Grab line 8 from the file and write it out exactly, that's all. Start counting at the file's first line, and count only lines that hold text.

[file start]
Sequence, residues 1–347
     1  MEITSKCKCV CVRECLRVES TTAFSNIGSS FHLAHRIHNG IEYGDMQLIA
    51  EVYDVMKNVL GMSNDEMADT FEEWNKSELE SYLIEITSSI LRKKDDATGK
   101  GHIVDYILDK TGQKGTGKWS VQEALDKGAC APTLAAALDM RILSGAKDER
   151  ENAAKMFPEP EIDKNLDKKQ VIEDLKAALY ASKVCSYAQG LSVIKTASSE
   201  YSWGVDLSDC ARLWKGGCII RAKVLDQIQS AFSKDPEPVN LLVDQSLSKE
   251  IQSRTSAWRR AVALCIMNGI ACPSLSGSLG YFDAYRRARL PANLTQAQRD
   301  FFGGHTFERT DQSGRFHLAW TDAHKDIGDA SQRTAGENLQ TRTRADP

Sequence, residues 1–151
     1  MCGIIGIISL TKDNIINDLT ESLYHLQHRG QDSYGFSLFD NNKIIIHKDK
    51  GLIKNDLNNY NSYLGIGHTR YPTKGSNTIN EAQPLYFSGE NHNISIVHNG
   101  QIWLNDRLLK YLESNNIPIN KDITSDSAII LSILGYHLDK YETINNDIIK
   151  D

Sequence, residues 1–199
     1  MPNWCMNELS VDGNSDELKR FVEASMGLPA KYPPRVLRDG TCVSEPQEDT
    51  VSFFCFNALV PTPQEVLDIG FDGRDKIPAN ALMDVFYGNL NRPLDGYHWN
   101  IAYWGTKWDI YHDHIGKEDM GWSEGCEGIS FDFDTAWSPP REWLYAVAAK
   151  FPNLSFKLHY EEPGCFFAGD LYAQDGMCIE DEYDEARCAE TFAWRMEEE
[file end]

   301  FFGGHTFERT DQSGRFHLAW TDAHKDIGDA SQRTAGENLQ TRTRADP